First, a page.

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Comment: Re:Only works if the teacher isn't the one in thre (Score 2) 470

by Quince alPillan (#46668989) Attached to: It's Time To Bring Pseudoscience Into the Science Classroom

Well, he was partially right. Some of voodoo magic is chemical or potion based. See for example zombie powder which is actually a combination of drugs (one to induce a coma in a death-like state and another to make the person pliable and open to suggestion in a trance-like state).

Now if he was talking about voodoo dolls and curses? No, that's bunk. They only work on people that fully believe in it, giving a huge placebo effect that has been scientifically researched and documented. In fact, one scientist when confronted with someone "cursed" and suffering from a life threatening placebo effect had to "uncurse" the man, "curing" him by convincing him he wasn't cursed any more. It wasn't the curse itself that was killing him, but his belief in the curse was so strong that his brain was shutting down his own body.

Announcements

Slashdot Tries Something New; Audience Responds! 2219

Posted by timothy
from the there-would-be-this-picture-of-a-cat dept.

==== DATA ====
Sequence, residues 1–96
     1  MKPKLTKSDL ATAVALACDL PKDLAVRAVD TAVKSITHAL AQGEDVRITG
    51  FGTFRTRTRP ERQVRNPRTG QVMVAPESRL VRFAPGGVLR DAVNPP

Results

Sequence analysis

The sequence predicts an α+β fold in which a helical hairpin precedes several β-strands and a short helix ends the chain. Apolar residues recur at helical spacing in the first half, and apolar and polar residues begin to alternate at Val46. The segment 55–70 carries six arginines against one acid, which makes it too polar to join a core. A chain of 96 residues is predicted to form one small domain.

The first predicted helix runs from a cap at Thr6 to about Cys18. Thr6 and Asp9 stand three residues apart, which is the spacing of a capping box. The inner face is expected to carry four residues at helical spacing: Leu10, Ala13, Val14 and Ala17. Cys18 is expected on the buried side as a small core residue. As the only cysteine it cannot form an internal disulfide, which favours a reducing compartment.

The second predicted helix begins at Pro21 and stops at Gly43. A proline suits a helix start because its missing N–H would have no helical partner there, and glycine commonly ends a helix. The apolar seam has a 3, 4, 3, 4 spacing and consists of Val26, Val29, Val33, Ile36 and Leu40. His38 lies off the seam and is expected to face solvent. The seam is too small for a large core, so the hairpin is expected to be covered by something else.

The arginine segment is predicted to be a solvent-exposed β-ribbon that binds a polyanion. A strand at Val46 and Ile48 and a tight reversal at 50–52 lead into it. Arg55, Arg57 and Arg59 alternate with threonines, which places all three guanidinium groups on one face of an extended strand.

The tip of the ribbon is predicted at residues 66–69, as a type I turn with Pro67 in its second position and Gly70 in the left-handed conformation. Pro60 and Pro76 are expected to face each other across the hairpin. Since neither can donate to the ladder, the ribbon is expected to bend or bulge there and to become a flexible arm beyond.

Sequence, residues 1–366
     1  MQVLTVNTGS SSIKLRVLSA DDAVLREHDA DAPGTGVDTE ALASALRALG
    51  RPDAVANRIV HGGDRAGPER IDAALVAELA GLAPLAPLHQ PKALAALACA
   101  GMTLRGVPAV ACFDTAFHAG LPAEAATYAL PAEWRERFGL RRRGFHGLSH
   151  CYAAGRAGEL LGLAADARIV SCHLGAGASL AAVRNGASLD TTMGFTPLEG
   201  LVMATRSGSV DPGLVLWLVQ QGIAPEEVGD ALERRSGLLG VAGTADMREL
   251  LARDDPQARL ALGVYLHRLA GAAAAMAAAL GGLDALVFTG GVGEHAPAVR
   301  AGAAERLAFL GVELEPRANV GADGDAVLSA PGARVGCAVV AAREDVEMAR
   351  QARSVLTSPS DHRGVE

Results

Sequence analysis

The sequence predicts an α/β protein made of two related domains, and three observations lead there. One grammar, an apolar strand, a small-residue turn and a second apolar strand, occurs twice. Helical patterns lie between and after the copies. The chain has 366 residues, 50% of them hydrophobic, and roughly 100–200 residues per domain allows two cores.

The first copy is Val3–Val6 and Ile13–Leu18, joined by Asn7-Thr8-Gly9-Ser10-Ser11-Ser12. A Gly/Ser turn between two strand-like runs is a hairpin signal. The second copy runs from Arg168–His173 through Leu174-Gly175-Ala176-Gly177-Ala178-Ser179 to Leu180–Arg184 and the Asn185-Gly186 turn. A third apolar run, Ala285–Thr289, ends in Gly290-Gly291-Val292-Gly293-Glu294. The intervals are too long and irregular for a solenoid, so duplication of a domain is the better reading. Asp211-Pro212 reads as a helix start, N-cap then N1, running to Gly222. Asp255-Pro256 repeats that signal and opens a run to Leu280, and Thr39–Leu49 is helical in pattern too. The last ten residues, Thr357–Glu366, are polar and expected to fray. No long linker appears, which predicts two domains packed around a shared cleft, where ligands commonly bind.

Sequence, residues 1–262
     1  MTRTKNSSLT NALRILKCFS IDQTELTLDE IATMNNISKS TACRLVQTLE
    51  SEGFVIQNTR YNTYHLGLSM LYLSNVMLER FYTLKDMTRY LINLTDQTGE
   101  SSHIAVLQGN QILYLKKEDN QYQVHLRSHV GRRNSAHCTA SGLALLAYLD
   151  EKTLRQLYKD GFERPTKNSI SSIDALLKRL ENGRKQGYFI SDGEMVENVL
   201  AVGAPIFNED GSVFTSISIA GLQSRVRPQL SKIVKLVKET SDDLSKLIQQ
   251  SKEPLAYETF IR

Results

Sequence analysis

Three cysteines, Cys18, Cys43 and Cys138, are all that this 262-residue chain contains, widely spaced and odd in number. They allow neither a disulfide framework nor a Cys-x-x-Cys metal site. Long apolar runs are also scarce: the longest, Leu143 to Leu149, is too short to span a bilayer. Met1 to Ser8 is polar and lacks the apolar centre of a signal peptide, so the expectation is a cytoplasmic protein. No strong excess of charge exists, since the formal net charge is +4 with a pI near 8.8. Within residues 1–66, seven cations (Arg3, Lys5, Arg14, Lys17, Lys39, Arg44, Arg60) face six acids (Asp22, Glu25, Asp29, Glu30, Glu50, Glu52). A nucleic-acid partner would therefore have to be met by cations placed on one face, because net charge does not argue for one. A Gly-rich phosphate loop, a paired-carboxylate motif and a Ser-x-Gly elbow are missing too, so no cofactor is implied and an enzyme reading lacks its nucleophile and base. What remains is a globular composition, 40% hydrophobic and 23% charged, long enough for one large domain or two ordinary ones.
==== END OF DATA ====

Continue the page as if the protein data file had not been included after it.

We've had only a few major redesigns since 1997; we think it's time for another. But we really do take to heart the comments you've made about the look and functionality of the beta site that houses Slashdot's future look. So let's all slow down. Right now, we're directing 25 percent of non-logged-in users to the beta; it's a significant number, but it's the best way for us to test drive this new design, to have you show us what pieces need to be fixed, and how. If you want to move back to Classic Slashdot, that path is available: from the Slashdot Beta page, you just need to select the "Slashdot Classic" link from the footer (or this link). We're committed to keep you informed of the plans as changes are implemented; we can't promise that every user will like every change, but we don't want anything to come as a surprise. Most importantly, we want you to know that Classic Slashdot isn't going away until we're confident that the new site is ready. And — okay, we've got it — it's not ready. We have work to do on four big areas: feature parity (especially for commenting); the overall UI, especially in terms of information density and headline scanning; plain old bugs; and, lastly, the need for a better framework for communicating about the How and the Why of this process. Some of you have suggested we're not listening; on the contrary, some of us are 'listening' pretty much full-time. We're keeping you informed of this process, because we're a community and we want to take everyone with us. But, yes, we're trying something new. Why? We want to take our current content and all the stuff that matters to this community and deliver it on a site that still speaks to the interests and habits of our current audience, but that is, at the same time, more accessible and shareable by a wider audience. We want to give our current audience the space where they are comfortable. And we want a platform where we can experiment with different views of both comments and stories. It's not an either/or. It's going to be both. If we haven't communicated that well enough, consider this post a first step to fixing that. And in the meantime, we're not sorry to have received a flood of feedback, most of it specific, constructive and substantive. Please keep it coming. We will be adding more specific info here in the days to come.